Then the last thing is relationship matters. Again, you can have all of the best standards, you can have all the best contracts, but it is about relationships. For me, it's about understanding as a client, I'll be the first one and I will say if we're not doing something right, what's adding value? You come at me as hard as you want because by having that honest conversation, we can change things, not make things easier or simpler, but we can change things to make sure those obstacles are removed and we can actually drive it again, that different outcome. Again, that invitation, if you're working for Metro, you come at hard as us as you need to because we want make a change. By doing that, we will drive a different outcome for the people and for those projects.
One thing that we did do early on from a client point of view, is that we set a strategy. What I will say is that it's very, very built on the kind of pillars that you'd expect to see in any kind of corporate strategy. The first thing on there, and it's no mistake, is around leadership. Because without the leadership of the organisation that you represent, the project that you sit on, industry, nothing will happen. If you go back to your organisations, wherever you are, like you say, "Well, would it encourage that?" Everyone get engaged, make sure health and hygiene, as with Metro, is at the highest level.
Again, it is something that we drive consistently through our organisation and it gets that profile. I'll go back to me first question about the why. I've explained the social, economic, regulatory, legacy type of outcomes, what we deal ... but that's just one lens. If you look at our approach to chain of responsibility and heavy vehicles, whether you look at skills development, it's all around those three bottom line outcomes. Again, I say to my team, look at it all the time and I'd encourage everyone to look at it because when you do that, you get some really great outcomes. Again, this selling of this occupational health hygiene or the safety message, it is really easy once you've got that commercial outcome. Like you say, you're removing the obstacles because it makes good business sense.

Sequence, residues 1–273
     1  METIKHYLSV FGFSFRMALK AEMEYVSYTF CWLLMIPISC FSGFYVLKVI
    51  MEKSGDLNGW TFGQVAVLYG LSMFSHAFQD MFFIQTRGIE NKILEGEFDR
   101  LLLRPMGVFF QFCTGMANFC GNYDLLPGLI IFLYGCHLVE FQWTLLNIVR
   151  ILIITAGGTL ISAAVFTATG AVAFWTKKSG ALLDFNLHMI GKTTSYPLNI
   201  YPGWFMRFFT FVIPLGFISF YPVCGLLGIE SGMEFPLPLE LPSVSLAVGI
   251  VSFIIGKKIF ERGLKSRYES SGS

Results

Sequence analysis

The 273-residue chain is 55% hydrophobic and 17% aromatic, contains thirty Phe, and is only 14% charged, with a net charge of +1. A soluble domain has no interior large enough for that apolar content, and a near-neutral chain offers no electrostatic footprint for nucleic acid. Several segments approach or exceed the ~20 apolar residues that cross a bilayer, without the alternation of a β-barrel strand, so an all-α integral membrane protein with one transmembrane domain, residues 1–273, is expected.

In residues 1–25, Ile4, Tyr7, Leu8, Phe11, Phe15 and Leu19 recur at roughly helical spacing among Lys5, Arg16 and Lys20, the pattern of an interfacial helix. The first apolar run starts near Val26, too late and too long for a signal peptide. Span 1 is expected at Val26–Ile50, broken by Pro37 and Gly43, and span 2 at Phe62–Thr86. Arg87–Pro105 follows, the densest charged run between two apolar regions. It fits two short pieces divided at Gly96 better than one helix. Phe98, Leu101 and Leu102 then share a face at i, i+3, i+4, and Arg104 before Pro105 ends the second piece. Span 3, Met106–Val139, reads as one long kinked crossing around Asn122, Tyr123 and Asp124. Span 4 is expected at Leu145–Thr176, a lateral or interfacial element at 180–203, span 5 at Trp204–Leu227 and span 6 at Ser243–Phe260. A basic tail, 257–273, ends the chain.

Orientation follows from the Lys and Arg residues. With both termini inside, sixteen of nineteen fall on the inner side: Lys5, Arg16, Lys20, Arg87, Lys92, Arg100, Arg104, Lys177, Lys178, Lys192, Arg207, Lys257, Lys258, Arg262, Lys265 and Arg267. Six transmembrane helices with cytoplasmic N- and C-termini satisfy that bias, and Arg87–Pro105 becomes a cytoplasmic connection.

Some of the initiatives that we've looked at. I talk about collaboration and relationships. It is about those relationships with SafeWork. It's probably a couple of things I want to call out. The first one is the work we're doing with RMIT. What we're doing today is what we're doing today, but that piece of work will look at how we actually embed higher order controls into our industry and that is for the next five to 10 years. So rather than just sit back on our laurels, we're actually challenging industry and we're going to be looking at how we make it easier.
Yep. How we move those obstacles, but how we get better effective controls in the field, where it actually matters. That's something that's going on. What I will say is that if anyone wants to be part of that, if anyone wants to have a look at that, you come back at us because again, the more industry buy in we get, the better the report and the better outcomes, again, that we drive. Please, feel free. Some of the challenges, again, for me, it's about the appetite to drive those social, economic, regulatory and legacy outcomes. How do we communicate and drive this? How do we actually make sure every man and woman is actually engaged? Every organisation is actually engaged and actually understands the value of what we're trying to do? Competing interests. Again, production is a big one.
Again, I'll go back to me rule number one is that if you're not a values-led organisation with people at the heart of everything you do, you're never going to get there. Again, you've got to focus on what is important to you as an organisation, and as a client and actually drive that and go as hard as you can to make that happen. Then I suppose for me, resourcing is a big one. It can be complicated and that's why we have people on board to actually undo the complications and all the rest of it and make it easy for us.
Again, and that's one of the things I think that we've tried to do really hard. We've tried to develop the systems where anyone can actually pick up and do those health risk assessments, whether it's a level one or level two, but actually you can actually take them away and actually embed them within your own parent organisation. That's where the value comes from it. Like I say, you've got some support that you can use from a client such as ourselves. We want to set you up to succeed. Again, really important to us.
Then the last thing for me is really about the opportunities. Applying a consistent approach. Create a level playing field. This industry is really good at doing things three, four, five, six, seven times, and all coming up with a different answer. What I would really like to achieve is that we'd actually do it once, do it really well and industry can actually take it away and use it. How great would that be? Again, because like I say, as a client I don't want to spend money, I want to make sure it's spent in the right places. I say we get maximum value from that. Again, that is a big challenge for us all.
Raise the awareness, really, really important of those risks. Again, like I say, rather than just kicking that $2.8 billion down the road every year and ... like I say, injuring our men and women who come to work on the projects and the programs, we actually deal with the issue now, that will only go one way, when you look at the amount of infrastructure and some of the legacy issues that we've got to do.
Again, reduce the incidence. For me I'm just going to finish off with just one thing. It is about it just makes good business sense. From a Metro point of view, if there's anything that we can do, if there's anything that we can help with, if you've got any goal that you can give us, let us know because that is the kind of stuff where again, it will feed into this working group. It will make a difference and then all of us will benefit from.